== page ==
In the United States, the frequency of melanics in southeastern Michigan dropped from more than 90 percent to less than 20 percent between 1960 and 1995, thus paralleling the decline of melanism in the United Kingdom. Yet the decline in Michigan "occurred in the absence of perceptible changes in local lichen floras," prompting Grant and his colleagues to conclude that "the role of lichens has been inappropriately emphasized in chronicles about the evolution of melanism in peppered moths."10 Recently, T.D. Sargent and his colleagues noted that "the recent declining frequency of melanism in B. betularia in North America, where the hypothesis of a cryptic advantage of melanism never seemed applicable," is "perplexing" in view of the classical story.11
So the rise and fall of industrial melanism did not depend on lichens. Why, then, did lichens appear to be significant in Kettlewell's experiments?
Kettlewell did not use the normal resting places of peppered moths. In his experiments, Kettlewell released moths directly onto tree trunks, and acknowledged that they "were not free to take up their own choice of resting site.... I admit that, under their own choice, many would have taken up position higher in the trees."1 He assumed, however, that he could disregard this observation. Before the 1980s, most investigators shared Kettlewell's assumption, and many of them found it convenient to conduct predation experiments using dead specimens glued or pinned to tree trunks. Some biologists who used dead moths suspected, however, that the technique was unsatisfactory. For example, J.A. Bishop and L.M. Cook noted discrepancies in their results that "may indicate that we are not correctly assessing the true nature of the resting sites of living moths when we are conducting experiments with dead ones."12
Most textbook pictures of peppered moths show specimens that have been manually placed on tree trunks.11 Since 1980, however, it has become clear that peppered moths do not normally rest there. K. Mikkola observed that "the normal resting place of the Peppered Moth is beneath small, more or less horizontal branches (but not on narrow twigs), probably high up in the canopies, and the species probably only exceptionally rests on tree trunks." He noted that "night-active moths, released in an illumination bright enough for the human eye, may well choose their resting sites as soon as possible and most probably atypically." Thus "the results of Kettlewell (1955, 1956) fail to demonstrate the qualitative predation of the morphs of the Peppered Moth by birds or other predators in natural conditions."13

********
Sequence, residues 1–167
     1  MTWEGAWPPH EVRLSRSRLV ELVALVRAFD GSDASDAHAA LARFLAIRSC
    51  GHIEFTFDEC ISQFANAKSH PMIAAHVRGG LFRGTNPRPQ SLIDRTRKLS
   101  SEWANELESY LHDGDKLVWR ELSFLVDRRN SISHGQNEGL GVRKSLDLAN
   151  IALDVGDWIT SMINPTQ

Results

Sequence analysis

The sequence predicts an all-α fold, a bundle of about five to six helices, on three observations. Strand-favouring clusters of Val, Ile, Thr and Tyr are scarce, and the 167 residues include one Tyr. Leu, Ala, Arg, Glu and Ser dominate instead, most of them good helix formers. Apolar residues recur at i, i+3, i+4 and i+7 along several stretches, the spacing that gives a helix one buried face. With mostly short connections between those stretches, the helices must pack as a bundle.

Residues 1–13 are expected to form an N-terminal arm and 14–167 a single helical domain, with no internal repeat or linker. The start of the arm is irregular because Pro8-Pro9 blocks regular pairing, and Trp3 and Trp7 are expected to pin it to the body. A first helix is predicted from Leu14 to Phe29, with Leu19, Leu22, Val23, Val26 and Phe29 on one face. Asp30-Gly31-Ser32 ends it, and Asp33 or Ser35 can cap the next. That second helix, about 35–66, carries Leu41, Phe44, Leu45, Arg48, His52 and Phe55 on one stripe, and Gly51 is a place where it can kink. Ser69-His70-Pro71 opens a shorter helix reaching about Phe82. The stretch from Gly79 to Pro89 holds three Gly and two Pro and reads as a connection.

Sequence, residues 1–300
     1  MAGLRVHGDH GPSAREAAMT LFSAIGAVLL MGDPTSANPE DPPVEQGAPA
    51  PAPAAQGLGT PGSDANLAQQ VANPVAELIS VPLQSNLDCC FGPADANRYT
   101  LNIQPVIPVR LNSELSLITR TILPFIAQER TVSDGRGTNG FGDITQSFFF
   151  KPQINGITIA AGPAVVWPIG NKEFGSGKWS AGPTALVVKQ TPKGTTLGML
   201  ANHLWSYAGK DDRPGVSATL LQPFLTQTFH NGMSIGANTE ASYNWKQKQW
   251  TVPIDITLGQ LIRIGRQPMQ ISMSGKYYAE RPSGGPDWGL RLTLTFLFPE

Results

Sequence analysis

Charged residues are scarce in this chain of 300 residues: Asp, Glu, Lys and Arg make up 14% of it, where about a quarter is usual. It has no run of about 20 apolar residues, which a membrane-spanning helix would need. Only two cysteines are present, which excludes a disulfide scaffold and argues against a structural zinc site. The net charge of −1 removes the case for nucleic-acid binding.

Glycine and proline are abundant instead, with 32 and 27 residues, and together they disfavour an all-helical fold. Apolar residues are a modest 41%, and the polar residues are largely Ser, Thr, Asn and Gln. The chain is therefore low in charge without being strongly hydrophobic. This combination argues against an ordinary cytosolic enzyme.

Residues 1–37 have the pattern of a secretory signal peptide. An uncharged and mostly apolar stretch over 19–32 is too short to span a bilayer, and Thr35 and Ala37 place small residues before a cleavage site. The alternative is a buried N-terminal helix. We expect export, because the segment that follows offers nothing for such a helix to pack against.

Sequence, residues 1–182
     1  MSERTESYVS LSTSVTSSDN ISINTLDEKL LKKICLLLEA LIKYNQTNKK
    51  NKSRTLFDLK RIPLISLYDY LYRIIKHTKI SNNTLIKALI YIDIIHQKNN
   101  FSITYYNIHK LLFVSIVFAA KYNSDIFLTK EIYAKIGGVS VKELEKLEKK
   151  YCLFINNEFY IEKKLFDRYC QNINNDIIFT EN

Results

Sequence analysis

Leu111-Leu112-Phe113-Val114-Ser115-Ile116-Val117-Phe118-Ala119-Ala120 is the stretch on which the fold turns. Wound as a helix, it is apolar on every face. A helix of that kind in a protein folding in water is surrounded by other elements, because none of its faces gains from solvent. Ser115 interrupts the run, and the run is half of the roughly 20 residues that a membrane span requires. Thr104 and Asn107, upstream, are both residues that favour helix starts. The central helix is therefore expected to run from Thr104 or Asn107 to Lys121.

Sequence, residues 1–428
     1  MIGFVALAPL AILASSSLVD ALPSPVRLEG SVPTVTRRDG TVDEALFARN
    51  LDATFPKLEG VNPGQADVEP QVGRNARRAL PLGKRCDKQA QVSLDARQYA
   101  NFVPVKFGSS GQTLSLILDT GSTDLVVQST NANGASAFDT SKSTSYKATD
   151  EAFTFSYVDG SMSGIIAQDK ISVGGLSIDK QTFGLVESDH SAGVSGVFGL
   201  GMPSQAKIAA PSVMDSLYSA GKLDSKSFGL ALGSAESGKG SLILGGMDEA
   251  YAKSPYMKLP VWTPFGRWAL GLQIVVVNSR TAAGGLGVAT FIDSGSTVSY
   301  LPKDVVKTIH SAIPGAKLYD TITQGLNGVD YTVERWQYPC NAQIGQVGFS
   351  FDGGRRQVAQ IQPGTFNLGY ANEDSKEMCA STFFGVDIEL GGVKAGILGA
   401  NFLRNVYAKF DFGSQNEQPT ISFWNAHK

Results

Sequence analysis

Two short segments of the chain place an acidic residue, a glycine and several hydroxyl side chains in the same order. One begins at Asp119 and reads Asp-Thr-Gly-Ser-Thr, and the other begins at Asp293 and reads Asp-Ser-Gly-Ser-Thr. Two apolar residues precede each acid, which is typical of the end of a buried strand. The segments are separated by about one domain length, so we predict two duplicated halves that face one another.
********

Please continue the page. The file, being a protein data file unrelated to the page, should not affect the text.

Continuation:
Mikkola used caged moths, but data on wild moths support his conclusion. In 25 years of fieldwork, C.A. Clarke and his colleagues found only one peppered moth on a tree trunk, and admitted that they knew primarily "where the moths do not spend the day."14 When Howlett and M.E.N. Majerus studied the natural resting sites of peppered moths in various parts of England, they found that Mikkola's observations on caged moths were valid for wild moths as well and concluded: "[I]t seems certain that most B. betularia rest where they are hidden ... [and] that exposed areas of tree trunks are not an important resting site for any form of B. betularia."15 In a separate study, T.G. Liebert and P.M. Brakefield confirmed Mikkola's observations that "the species rests predominantly on branches .... Many moths will rest underneath, or on the side of, narrow branches in the canopy."16
In a recent book on melanism, Majerus criticizes the "artificiality" of much previous work in this area, noting that "in most predation experiments peppered moths have been positioned on vertical tree trunks, despite the fact that they rarely chose such surfaces to rest upon in the wild."17 It seems that the classical example of natural selection is actually an example of unnatural selection.
The fact that peppered moths do not normally rest on tree trunks invalidates Kettlewell's experiments and poses a serious problem for the classical explanation of industrial melanism in peppered moths. Although cryptic coloration and selective predation have not been ruled out, one recent review concludes that "there is little persuasive evidence, in the form of rigorous and replicated observations and experiments, to support this explanation at the present time."11
Yet textbooks continue to present the classical story of industrial melanism in peppered moths as an example of evolution in action. Clearly, this is misleading. In particular, it is misleading to illustrate the story with photographs showing moths on tree trunks where they do not rest in the wild. Our students deserve better.
Jonathan Wells (JonWells1@compuserve.com) is a postdoctoral biologist at the University of California, Berkeley, and a fellow of the Discovery Institute, Seattle.
Copyright © 1999 by Jonathan Wells. All rights reserved.